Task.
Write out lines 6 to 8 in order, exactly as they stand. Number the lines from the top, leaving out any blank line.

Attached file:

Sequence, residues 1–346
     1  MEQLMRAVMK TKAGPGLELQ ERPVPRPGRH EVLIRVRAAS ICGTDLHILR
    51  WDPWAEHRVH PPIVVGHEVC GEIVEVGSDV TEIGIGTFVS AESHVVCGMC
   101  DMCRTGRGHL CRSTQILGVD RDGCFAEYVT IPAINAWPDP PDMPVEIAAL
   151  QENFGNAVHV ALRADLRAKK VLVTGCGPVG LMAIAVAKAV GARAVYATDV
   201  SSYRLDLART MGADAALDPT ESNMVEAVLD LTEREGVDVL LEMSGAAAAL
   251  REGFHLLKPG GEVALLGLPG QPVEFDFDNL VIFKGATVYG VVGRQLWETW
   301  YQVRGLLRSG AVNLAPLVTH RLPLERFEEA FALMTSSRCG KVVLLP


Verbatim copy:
   201  SSYRLDLART MGADAALDPT ESNMVEAVLD LTEREGVDVL LEMSGAAAAL
   251  REGFHLLKPG GEVALLGLPG QPVEFDFDNL VIFKGATVYG VVGRQLWETW
   301  YQVRGLLRSG AVNLAPLVTH RLPLERFEEA FALMTSSRCG KVVLLP